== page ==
# Talk:Longitude of the periapsis

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## Applicability to exoplanets?

I've asked for some clarification of how the concepts described here apply to exoplanets on the argument of periapsis talk page. AldaronT/C 03:28, 24 July 2009 (UTC)

## Application in general

What is the practical purpose of this variable? It doesnt denote any physical angle that can be visualized or measured with a protractor. It is the linear sum of two angles existing in entirely different planes. It seems entirely abstract and purposeless. At what point in, say, the computations of planetary positions, for example, might this variable even be useful? The Argument of Periapsis and the Longitude of the Ascending Node are useable and practical and reflect real concepts. I guess that I (a novice) just dont see what this is for, how its used, why we need it, so on. It seems to me that at any point when Longitude of periapsis is being used, we are deducting from it one of the two variables it is comprised of in order to arrive at the other. I am left wondering why we ever derived this variable in the first place - was it just to confuse people? 64.134.140.40 (talk) 01:25, 10 June 2011 (UTC)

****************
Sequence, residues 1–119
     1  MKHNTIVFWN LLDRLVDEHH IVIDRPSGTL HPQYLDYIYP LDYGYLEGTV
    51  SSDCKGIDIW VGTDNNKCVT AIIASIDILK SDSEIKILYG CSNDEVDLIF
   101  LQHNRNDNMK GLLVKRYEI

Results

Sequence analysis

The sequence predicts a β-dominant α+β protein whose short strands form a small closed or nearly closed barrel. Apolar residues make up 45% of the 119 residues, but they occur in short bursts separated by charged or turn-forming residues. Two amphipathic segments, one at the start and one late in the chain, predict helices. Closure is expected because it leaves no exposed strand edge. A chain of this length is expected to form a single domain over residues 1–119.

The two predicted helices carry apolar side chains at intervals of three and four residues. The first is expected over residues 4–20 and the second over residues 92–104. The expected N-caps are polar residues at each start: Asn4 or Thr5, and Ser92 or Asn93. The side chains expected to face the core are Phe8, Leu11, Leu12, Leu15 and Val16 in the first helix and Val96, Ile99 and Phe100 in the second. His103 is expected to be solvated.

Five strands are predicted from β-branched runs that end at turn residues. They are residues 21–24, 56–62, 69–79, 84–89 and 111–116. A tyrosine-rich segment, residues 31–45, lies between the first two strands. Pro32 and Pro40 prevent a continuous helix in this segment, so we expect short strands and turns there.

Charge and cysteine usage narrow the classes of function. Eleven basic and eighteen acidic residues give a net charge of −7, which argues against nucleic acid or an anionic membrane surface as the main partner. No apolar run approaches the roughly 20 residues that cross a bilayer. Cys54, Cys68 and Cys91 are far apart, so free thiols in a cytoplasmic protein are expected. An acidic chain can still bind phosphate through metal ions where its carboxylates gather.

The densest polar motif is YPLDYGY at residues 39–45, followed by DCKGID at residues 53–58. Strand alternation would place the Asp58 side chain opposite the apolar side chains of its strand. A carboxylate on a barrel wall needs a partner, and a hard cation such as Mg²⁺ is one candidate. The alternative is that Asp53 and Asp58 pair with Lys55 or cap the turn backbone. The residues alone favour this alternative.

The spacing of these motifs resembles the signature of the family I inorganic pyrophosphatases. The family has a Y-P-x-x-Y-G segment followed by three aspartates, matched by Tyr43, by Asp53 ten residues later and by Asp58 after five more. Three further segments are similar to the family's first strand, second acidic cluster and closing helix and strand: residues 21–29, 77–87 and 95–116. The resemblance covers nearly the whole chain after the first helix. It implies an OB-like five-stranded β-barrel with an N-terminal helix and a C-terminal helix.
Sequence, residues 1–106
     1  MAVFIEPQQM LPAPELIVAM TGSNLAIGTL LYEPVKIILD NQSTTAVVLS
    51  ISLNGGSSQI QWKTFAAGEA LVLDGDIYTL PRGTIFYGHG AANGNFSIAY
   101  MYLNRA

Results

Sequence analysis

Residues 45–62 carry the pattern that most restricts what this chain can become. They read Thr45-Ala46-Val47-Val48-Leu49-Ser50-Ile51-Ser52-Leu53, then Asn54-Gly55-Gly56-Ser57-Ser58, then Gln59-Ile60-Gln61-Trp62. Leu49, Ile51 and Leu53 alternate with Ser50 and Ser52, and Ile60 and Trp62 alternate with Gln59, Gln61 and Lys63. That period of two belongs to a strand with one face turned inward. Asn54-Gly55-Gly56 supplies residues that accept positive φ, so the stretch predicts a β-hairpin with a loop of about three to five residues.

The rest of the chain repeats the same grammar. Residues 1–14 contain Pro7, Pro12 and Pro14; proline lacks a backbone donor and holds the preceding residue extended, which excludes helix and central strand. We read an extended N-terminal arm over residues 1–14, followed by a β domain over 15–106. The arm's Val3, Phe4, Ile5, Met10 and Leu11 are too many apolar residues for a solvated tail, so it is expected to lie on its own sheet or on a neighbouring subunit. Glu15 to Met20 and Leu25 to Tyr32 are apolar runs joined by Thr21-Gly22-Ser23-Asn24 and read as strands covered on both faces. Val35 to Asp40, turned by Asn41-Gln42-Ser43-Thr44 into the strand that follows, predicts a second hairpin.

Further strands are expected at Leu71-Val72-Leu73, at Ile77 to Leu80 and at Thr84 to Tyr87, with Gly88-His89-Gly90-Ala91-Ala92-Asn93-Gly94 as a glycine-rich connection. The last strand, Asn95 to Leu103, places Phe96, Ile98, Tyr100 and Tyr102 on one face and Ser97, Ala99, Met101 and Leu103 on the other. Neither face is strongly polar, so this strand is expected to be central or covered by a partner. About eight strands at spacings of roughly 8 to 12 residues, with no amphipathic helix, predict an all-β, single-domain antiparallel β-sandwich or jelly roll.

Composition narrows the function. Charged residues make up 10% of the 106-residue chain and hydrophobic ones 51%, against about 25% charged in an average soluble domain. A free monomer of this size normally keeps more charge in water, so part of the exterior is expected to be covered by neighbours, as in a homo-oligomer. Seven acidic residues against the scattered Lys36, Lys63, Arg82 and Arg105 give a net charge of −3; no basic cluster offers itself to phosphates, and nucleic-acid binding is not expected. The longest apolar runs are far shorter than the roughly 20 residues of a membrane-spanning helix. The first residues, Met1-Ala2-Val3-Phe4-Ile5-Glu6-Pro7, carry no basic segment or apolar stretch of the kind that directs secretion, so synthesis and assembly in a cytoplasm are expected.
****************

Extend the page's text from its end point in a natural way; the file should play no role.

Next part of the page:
Most objects in the solar system have relatively small inclinations, so it just gives a rough idea of where the periapsis is in the orbit without having to do any complex calculations. --Lasunncty (talk) 03:18, 12 June 2011 (UTC)
I agree with the above comment - basically it tells you in what direction the perihelion (perigee, etc) point occurs when projected onto the reference plane, which is convenient for, say, publishing or other situations where a two-dimentional diagram is the only option. — Preceding unsigned comment added by 50.10.91.64 (talk) 21:34, 28 November 2013 (UTC)
I think it makes sense for objects which are roughly in the same plane. For example a bunch of objects that are anti-aligned to the hypothesized Planet Nine have a common Argument of Perihelion that is supposed to be 180° away from that of P9's.J mareeswaran (talk) 22:24, 25 October 2016 (UTC)